4 Tips for Complying with HUD's Asset Disposition Rule
When interviewing households at certifications, you must find out whether they have disposed of or sold, given away, or put in trust assets for less than fair market value within the last two years. If they have, you generally must factor such assets into your calculations for the household even though the household no longer owns the assets.
This is known as HUD’s asset disposition rule. Its purpose is to ensure that applicants are not getting rid of their assets in order to qualify for HUD-assisted housing. But there’s more to complying with the rule than just including these assets in your calculations. If you don’t know how to comply, you might not account for some assets. Here are four tips to help you comply with HUD’s asset disposition rule and avoid costly certification mistakes.
Tip #1: Count Difference Between Cash Value and Amount Received
If you learn that within the last two years a household disposed of an asset for less than fair market value, you must count the difference between the asset’s “cash value” and the amount the household received (if any) for disposing of the asset [HUD Handbook 4350.3, par. 5-7(G)(8)]. To calculate the cash value of an asset, subtract the expenses necessary to sell or convert the asset from its fair market value as of the date of its disposal.
Example: Last year, Joe paid a friend $100 to find a buyer for his car, which he sold for $4,000. The car’s fair market value was $6,000, which means the car is an asset that the household disposed of for less than fair market value. Because the car’s cash value is $5,900 ($6,000-$100), you must count $1,900 ($5,900-$4,000) as an asset for Joe’s household.
Tip #2: Count Disposal if Difference Between Fair Market Value and Amount Received Totals over $1,000
HUD is interested in household assets disposed of for less than fair market value within the past two years only if the total fair market value of all such assets exceeds the gross amount received for them by at least $1,000 [Handbook 4350.3, par. 5-7(G)(8)(b)]. In the example above, you must count Joe’s car because its fair market value at the time of the disposal exceeded the amount Joe received for the car by $2,000 ($6,000-$4,000).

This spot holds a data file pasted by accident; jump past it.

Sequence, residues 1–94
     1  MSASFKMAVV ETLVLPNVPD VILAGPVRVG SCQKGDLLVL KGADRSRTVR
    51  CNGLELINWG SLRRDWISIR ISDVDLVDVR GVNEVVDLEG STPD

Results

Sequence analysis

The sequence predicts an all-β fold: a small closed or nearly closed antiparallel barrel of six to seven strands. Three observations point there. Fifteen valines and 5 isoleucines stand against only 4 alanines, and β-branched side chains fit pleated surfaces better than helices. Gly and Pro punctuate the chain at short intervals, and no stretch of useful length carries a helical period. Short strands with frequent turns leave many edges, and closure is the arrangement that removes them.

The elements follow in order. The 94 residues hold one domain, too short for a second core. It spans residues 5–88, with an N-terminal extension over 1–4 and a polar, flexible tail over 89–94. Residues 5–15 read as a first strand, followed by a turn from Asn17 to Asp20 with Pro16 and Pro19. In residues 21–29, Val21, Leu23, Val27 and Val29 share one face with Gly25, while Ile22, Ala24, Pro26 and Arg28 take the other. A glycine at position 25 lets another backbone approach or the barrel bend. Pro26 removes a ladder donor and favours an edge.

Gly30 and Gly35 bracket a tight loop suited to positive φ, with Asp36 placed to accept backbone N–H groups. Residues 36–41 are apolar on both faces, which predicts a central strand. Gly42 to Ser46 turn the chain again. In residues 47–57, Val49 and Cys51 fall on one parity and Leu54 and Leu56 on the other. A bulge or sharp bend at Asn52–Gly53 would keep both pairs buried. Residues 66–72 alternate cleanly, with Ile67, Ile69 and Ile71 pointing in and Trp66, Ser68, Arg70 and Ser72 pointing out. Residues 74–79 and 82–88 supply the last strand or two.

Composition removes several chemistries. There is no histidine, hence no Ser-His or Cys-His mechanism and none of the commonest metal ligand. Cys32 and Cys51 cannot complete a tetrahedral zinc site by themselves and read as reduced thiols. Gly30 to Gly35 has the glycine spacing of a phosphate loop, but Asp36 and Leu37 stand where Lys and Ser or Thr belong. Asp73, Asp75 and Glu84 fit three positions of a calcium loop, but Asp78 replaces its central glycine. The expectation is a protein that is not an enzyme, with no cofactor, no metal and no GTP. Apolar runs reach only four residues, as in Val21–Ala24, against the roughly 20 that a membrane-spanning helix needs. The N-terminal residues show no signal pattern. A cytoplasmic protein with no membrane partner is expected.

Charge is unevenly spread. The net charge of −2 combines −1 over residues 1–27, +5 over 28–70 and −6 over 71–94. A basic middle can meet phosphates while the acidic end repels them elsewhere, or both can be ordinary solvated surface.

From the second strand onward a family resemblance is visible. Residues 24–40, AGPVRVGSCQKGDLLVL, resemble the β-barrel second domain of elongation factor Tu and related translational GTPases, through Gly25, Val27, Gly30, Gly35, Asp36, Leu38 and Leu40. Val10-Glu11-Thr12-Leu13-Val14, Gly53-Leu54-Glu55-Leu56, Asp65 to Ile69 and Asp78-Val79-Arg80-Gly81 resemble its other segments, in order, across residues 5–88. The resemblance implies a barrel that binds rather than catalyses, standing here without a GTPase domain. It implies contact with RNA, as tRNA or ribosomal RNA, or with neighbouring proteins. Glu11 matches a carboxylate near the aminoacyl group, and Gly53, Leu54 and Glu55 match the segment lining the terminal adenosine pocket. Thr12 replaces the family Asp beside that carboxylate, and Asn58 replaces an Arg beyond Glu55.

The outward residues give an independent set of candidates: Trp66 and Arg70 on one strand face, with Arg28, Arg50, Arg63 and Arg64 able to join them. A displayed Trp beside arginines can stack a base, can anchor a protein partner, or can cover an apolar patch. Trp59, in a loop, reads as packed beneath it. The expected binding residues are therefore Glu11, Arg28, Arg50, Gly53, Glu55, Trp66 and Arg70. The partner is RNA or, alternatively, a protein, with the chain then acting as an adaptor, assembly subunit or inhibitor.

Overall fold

Tip #3: Verify Disposal Information if Contradictory
HUD says you generally can rely on a household member’s self-certification that he did or didn’t dispose of an asset for less than fair market value within the last two years. But HUD says that you must verify this information “if it does not appear to agree” with other information the resident reported [HUD Handbook 4350.3, par. 5-7(G)(8)(f),(g)].
For example, this could happen if a household member certifies that he sold his car for less than fair market value within the past two years, after telling you earlier that he “got rid of it a few years ago.” You can also add language to your asset disposition form that requires household to acknowledge that they are responsible for providing backup documentation of a disposed asset’s fair market value, the amount they received for the asset (if any) and the costs of selling the asset or converting it to cash.
Tip #4: Don’t Count Disposals from Certain Judgments
HUD makes an exception for involuntary disposition or assets disposed of for less than fair market value as a result of bankruptcy, divorce, separation, or foreclosure [HUD Handbook 4350.3, par. 5-7(g)(6)(d)]. Owners and managers should clearly document inquiries with the tenant as to why the disposition was involuntary and collect supporting documents where necessary, such as divorce agreements and foreclosure documents, to support the involuntary nature of the disposition.
You don’t need to count these involuntary dispositions in household income. And if a household puts an asset disposed of for less than fair market value into a nonrevocable trust, you must not count it as an asset if the household received this asset through a judgment or a settlement [HUD Handbook 4350.3, par. 5-7(G)(8)(e)].